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‘Not The Be-All And End-All For Inclusion’: Everything We Learned From The Human Rights Director About The #AllWelcome Controversy

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In the last few days, the Maltese LGBTQ+ community and allies alike have been heavily discussing (and criticising) the government’s latest attempt at encouraging LGBTQ+ inclusivity. So we spoke to one of the people behind the campaign, to gauge what it all really means.

The #AllWelcome campaign was introduced as a way of promoting LGBTQ+ acceptance and representation on the islands in more forms than we currently see, thereby working towards reducing discrimination from the general public and matching the reputation Malta has garnered as one of the most accepting from a legislative standpoint.

This would be done by having a repesentative from a business attend an informative session on the topic, which they would then apply to company policy and training. In return, the company could display a special logo which shows that they have partaken in this lesson.

You can read more about the new initiative here

Allwelcome Logo

Almost immediately, the campaign received a lot of backlash by people saying that it promoted the polar opposite of what was intended

For a more detailed account of the backlash received, you can check it all out here, but for those who just need a quick refresher, the main points against the campaign said that:

  • It promotes segregation
  • It labels LGBTQ+ individuals
  • It’s comparable to a “Tourists Welcome” or “Pet’s Allowed” sign
  • People could be discriminatory regardless of the sticker
  • “All welcome” should include more than just one marginalised group
  • The strategic announcement timing with Pride Month

Some people did defend the initiative by pointing out that it could be very effective for tourists or in the bar / nightclub scene, which are undoubtedly more stressful and dangerous situations than your average corner shops.

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In the aftermath of the mass internet shitstorm, the Director of Human Rights and Integration with the Ministry for European Affairs and Equality, Silvan Agius, who was heavily involved with the introduction of the new campaign, reached out to Lovin Malta to clear the air on any missed information, as well as discuss and learn about the opinions and feelings of the general public

The first point Agius wanted to clarify was the main goal of the project.

He made it clear that #AllWelcome was a “visibility campaign” in which he wanted to inform and educate businesses on how to be more “equal, accessible and inclusive” towards LGBTQ+ employees, customers and business partners.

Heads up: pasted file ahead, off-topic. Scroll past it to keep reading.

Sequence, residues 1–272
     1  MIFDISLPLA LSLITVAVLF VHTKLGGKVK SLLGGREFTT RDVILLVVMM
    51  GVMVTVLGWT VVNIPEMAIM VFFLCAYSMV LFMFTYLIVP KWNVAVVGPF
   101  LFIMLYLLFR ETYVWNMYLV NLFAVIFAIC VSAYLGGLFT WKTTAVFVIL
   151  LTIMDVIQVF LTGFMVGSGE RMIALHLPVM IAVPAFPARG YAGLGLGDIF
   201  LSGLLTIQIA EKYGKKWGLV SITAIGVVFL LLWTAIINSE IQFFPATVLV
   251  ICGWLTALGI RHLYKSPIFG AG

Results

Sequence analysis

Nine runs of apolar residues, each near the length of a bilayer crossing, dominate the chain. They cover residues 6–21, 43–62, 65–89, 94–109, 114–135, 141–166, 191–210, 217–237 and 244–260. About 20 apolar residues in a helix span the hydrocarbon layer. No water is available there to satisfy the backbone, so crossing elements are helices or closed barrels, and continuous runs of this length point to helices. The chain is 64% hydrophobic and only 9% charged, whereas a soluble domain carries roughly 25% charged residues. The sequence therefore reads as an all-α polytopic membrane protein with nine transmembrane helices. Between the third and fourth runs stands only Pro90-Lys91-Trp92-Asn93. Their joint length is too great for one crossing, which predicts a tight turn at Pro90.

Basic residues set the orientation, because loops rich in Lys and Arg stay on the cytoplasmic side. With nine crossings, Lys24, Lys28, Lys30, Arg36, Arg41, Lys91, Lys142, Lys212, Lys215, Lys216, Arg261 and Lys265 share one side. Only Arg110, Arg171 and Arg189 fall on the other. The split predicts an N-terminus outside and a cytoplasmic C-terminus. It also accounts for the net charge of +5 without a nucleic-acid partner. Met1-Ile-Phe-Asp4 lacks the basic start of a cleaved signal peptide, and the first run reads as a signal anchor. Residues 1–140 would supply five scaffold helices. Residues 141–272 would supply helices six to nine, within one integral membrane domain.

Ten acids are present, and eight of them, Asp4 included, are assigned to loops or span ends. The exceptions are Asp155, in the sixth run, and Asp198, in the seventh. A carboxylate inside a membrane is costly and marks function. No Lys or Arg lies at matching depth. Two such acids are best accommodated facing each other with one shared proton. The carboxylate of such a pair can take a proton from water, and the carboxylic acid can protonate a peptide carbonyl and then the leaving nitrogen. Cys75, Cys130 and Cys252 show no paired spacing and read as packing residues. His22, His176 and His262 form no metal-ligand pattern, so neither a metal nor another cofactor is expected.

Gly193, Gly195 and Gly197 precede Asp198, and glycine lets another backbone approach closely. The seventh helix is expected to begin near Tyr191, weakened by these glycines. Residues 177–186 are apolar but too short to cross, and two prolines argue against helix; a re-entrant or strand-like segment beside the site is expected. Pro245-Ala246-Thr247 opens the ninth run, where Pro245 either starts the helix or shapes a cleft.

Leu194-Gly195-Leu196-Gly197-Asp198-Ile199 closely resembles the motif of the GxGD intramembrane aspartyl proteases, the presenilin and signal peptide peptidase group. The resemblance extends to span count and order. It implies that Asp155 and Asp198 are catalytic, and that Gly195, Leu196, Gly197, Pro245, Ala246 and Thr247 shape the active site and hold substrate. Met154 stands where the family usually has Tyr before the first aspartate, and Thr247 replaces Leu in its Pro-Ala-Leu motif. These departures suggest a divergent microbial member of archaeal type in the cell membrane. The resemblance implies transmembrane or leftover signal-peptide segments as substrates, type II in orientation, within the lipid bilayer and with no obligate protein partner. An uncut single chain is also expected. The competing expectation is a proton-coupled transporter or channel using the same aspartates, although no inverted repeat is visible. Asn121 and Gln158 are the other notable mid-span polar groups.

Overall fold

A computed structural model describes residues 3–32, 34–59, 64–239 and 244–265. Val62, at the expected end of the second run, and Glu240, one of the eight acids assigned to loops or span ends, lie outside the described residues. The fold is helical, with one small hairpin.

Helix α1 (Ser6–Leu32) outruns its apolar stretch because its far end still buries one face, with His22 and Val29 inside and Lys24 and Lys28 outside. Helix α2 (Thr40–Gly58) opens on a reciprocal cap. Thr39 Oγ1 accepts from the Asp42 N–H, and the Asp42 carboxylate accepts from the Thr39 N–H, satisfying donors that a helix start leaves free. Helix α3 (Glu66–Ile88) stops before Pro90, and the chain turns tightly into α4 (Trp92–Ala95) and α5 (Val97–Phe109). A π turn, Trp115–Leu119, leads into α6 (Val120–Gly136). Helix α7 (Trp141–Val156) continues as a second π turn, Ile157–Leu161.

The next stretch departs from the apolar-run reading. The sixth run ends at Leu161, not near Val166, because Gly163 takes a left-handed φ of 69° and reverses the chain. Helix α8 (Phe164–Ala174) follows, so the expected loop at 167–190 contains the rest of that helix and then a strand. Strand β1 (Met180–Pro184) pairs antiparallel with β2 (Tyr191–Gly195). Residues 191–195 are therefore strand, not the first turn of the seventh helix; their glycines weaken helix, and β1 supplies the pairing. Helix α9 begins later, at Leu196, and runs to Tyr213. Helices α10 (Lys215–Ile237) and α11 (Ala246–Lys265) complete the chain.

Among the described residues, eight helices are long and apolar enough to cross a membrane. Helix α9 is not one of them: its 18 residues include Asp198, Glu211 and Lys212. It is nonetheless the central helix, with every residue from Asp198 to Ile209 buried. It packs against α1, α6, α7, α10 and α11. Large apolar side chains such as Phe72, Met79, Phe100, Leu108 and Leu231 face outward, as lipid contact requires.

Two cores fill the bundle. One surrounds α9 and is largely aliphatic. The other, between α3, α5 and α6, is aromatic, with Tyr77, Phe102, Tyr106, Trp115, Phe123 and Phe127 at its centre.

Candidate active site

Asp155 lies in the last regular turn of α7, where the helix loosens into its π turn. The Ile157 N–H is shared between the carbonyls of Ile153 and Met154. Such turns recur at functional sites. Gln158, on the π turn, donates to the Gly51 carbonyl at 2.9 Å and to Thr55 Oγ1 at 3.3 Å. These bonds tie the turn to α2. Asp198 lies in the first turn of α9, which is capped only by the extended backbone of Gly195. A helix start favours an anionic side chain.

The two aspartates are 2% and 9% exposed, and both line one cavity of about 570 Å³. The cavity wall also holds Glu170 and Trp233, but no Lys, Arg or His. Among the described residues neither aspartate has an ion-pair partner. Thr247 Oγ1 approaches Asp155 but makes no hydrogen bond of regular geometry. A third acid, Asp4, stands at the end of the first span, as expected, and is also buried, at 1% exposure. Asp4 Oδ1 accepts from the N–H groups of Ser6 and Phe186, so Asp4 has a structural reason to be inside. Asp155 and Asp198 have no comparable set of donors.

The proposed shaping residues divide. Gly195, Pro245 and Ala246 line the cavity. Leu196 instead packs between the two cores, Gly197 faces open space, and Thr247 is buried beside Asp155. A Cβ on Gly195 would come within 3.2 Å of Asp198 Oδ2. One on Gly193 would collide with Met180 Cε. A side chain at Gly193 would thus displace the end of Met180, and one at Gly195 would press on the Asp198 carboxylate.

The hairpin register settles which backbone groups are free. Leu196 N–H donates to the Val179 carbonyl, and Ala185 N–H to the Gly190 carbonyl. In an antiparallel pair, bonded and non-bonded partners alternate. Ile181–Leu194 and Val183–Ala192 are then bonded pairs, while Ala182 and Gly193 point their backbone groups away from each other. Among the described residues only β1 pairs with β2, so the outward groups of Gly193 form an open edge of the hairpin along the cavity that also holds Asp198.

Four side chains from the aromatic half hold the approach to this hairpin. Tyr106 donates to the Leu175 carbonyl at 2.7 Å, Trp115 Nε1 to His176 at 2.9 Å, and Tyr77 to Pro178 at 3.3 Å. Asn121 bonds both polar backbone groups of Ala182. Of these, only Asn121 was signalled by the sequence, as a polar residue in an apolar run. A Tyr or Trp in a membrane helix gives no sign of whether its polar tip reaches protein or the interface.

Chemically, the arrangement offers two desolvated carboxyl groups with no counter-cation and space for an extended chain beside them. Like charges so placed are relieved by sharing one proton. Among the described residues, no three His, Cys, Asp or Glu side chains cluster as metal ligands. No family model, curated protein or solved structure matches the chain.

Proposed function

Agius believed that people had misunderstood how companies could obtain the sticker, as well as its meaning. He went on to explain that in order to be able to display their logo, one representative from a business would be required to attend an information session on a vast number of LGBTQ+ related topics such as sexual orientation, gender identity, gender expression and sex characteristics.

From there, the representative will be responsible to share what they learned with their colleagues, as well as implementing the lesson into amending company policies for the better.

Once completed and a business obtains their logo, it signifies a company’s willingness to seek out education on a not-so-well talked about topic, as well as the following four principles:

  1. Respecting human dignity
  2. Eliminating discrimination at the workplace and the market place
  3. Supporting LGBTQ+ staff
  4. Offering adequate representation of diversity in our publicity campaigns

For a detailed explanation of each of these, you can check out the campaign website.

Screenshot 2019 06 06 At 10 23 09

Silvan Agius and Equality Minister Helena Dalli. Photo by Chris Mangion

The #AllWelcome website also answers the question about inclusion of other minorities as well as the LGBTQ+ community

The first principle listed, Respect for Human Dignity, actually mentions how the logo should act as a symbol that companies are implementing policies to ensure respect to all other minority groups workers could interact with “regardless of gender, race, ethnicity, sexual orientation, gender identity gender expression, sex characteristics, nationality, religion, disability or age amongst others”.

Apart from this, Agius also stated that his directorate does actually run other campaigns for different minorities, such as the I Belong programme for migrants. However, he admitted that, when resources are more available, they would like to expand the #AllWelcome lessons to include dedicated and informative sessions to aid other communities as well.